The Analyst 04/2012; 137(10):2362-6. · 4.23 Impact Factor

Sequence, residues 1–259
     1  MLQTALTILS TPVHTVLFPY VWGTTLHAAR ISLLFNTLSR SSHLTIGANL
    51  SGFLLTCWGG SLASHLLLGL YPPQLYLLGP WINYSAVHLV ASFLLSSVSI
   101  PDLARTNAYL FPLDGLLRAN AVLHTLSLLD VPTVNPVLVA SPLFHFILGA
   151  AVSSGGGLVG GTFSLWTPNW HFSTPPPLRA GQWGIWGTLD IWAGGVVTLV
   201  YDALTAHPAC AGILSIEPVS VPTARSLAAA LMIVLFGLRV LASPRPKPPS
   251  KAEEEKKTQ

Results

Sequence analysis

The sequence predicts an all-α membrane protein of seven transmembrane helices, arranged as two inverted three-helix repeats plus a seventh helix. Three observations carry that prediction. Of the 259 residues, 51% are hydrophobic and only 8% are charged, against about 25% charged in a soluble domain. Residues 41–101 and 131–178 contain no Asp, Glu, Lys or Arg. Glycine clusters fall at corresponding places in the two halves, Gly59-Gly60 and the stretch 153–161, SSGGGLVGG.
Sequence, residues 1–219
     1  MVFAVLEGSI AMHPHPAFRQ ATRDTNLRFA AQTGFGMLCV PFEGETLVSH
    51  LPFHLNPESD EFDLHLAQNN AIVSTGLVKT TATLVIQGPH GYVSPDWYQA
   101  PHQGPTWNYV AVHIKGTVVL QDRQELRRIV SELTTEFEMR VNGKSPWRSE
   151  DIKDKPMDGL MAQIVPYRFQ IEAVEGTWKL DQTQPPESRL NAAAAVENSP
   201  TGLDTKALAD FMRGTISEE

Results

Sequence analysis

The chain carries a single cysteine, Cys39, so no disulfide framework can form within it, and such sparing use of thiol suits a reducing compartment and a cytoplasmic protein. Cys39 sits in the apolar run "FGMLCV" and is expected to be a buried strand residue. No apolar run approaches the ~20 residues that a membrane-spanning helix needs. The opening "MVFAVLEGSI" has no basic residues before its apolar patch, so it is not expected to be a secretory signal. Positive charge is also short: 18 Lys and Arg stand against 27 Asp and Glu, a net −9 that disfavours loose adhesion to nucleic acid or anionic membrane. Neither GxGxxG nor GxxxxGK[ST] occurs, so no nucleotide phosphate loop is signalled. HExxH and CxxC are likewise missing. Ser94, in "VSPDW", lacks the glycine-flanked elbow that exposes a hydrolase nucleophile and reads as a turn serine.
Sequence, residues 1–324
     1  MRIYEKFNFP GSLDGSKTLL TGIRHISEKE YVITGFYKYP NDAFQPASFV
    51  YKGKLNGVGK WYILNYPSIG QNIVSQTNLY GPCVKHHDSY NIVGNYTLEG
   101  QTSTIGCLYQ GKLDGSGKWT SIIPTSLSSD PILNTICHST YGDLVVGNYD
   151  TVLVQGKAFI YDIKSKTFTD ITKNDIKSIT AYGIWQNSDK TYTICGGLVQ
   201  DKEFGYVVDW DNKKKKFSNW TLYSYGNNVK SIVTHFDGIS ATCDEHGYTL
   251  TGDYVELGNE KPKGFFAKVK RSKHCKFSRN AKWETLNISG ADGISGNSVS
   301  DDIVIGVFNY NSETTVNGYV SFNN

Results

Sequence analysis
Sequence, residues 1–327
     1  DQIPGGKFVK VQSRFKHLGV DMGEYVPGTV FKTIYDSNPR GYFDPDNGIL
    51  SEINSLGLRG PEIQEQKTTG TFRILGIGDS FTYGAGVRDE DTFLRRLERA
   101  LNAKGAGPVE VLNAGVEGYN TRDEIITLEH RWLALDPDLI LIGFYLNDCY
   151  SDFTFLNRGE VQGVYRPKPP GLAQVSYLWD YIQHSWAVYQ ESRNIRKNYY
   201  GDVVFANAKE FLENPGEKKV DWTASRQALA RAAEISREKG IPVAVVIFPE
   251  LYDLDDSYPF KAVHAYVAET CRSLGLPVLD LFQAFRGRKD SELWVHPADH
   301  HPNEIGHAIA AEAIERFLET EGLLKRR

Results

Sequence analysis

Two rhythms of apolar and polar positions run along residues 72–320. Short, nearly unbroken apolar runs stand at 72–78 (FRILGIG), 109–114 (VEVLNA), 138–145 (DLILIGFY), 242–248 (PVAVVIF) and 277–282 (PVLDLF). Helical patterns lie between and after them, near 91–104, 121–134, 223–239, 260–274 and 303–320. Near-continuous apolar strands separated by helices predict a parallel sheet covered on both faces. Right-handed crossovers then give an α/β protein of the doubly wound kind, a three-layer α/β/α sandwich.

[show abstract][hide abstract] ABSTRACT: Label-free DNA nucleobase recognition by fluorescent small molecules has received much attention due to its simplicity in mutation identification and drug screening. However, sequence-dependent fluorescence light-up nucleobase recognition and multicolor emission with individual emission energy for individual nucleobases have been seldom realized. Herein, an abasic site (AP site) in a DNA duplex was employed as a binding field for berberine, one of isoquinoline alkaloids. Unlike weak binding of berberine to the fully matched DNAs without the AP site, strong binding of berberine to the AP site occurs and the berberine's fluorescence light-up behaviors are highly dependent on the target nucleobases opposite the AP site in which the targets thymine and cytosine produce dual emission bands, while the targets guanine and adenine only give a single emission band. Furthermore, more intense emissions are observed for the target pyrimidines than purines. The flanking bases of the AP site also produce some modifications of the berberine's emission behavior. The binding selectivity of berberine at the AP site is also confirmed by measurements of fluorescence resonance energy transfer, excited-state lifetime, DNA melting and fluorescence quenching by ferrocyanide and sodium chloride. It is expected that the target pyrimidines cause berberine to be stacked well within DNA base pairs near the AP site, which results in a strong resonance coupling of the electronic transitions to the particular vibration mode to produce the dual emissions. The fluorescent signal-on and emission energy-modulated sensing for nucleobases based on this fluorophore is substantially advantageous over the previously used fluorophores. We expect that this approach will be developed as a practical device for differentiating pyrimidines from purines by positioning an AP site toward a target that is available for readout by this alkaloid probe.